With that he produced a gun and ordered Joe out of his vehicle. The assailant then jumped in behind the wheel and drove off.

Now Joe a man of few words, but clearly great reasoning powers phoned the police.

So when his assailant stopped 20 minutes later at 2nd and 4th there was a reception committee of New York’s Finest.

Sometimes, just sometimes, it feels good to be a cabbie, seeing your fellow cabbies help protect these people from their own stupidity at this Festive Time.

Happy Christmas to you all and Be Lucky.

Press 1 if you want to report a fault

cartoon from www.weblogcartoons.com

[I] am thinking of reporting a persistent fault to mobile phone manufacturers. It would appear that over use causes the device to adhere to the user’s ear.

Cabbies are getting increasing annoyed by our punters complete inability to communicate in the normal way. They hail you and mumble their destination while continuing a conversation on their mobiles. If you have the temerity to ask for clarification, Mobile Man, as yes dear reader it’s always the male of the financial services species, shoots you an annoyed glance designed to imply that you are a complete idiot.

They continue earnestly talking on their phone for the duration of the journey; I swear if I got a job from London to Manchester (if only) Mobile Man would not stop talking. Ladies reading this might like to reflect on the accusation that women rarely stop talking.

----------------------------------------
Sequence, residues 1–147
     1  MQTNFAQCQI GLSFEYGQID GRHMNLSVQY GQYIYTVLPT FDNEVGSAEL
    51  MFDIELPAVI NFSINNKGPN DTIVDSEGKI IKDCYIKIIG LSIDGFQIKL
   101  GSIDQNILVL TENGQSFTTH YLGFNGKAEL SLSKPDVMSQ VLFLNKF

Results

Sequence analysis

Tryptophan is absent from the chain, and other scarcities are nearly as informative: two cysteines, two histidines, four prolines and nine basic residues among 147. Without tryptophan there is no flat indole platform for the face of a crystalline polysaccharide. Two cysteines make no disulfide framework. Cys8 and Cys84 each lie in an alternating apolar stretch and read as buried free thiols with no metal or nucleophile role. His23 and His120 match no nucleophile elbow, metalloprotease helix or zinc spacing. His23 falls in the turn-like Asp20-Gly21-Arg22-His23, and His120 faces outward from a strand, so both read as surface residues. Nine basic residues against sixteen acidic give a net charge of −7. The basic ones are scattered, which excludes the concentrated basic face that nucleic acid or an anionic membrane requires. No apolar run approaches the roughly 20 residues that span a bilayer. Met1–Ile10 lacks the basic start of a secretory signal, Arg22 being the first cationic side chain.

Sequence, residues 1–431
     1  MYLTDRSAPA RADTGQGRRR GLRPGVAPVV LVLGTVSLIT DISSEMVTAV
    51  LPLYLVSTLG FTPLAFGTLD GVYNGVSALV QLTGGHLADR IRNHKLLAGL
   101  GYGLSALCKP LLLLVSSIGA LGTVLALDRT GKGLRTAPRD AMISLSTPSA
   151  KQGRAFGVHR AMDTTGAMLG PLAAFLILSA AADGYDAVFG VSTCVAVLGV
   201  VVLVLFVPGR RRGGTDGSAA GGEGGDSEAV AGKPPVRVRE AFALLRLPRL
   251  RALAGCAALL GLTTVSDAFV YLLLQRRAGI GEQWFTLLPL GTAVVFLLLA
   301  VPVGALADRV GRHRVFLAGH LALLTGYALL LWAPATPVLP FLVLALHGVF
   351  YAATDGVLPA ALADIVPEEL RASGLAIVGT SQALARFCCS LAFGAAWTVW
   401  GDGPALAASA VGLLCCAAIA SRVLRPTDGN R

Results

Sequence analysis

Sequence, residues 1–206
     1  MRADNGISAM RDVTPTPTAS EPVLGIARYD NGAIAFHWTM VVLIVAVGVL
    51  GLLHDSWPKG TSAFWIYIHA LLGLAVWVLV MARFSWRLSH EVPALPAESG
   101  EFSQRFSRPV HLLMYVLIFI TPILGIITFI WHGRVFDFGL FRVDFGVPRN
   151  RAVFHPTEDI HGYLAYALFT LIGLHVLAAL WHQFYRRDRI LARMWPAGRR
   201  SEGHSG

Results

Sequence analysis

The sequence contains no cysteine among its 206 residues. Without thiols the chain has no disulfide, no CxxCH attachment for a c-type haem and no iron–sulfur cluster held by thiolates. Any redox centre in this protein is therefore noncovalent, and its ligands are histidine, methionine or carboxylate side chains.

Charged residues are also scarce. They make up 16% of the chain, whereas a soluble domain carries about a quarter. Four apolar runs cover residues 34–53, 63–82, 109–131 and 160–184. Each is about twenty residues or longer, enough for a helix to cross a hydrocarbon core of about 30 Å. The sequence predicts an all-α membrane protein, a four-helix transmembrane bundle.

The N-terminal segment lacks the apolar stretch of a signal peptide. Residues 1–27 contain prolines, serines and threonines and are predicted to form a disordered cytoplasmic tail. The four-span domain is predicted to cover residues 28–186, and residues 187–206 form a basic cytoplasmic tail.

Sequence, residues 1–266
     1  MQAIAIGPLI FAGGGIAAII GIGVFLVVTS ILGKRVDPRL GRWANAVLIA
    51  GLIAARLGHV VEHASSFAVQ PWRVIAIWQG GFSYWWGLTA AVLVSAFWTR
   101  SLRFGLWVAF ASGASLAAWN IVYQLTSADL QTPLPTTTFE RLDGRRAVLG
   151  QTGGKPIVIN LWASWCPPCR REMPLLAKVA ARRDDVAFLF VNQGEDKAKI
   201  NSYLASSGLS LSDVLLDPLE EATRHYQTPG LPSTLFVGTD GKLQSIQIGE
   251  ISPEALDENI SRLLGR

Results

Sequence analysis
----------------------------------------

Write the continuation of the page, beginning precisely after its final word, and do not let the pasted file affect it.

Now comes the clever part. After being told “why have you gone past my house” or “why did you take that route” Mobile Man alights. He then performs a feat worthily of Billy Smart’s Circus; phone in left hand, trying to retrieve money from one’s pocket with right hand and shutting the cab door with his foot, he juggles with commendable dexterity to pay you. Then and this is his piece de resistance, he asks for a receipt without breaking the flow of conversation on the phone.

He then wanders off, still talking; I suppose to find someone to help him prise the phone from his left ear.

Cartoon by Dave Walker. Find more you can freely re-use on your blog at We Blog Cartoons.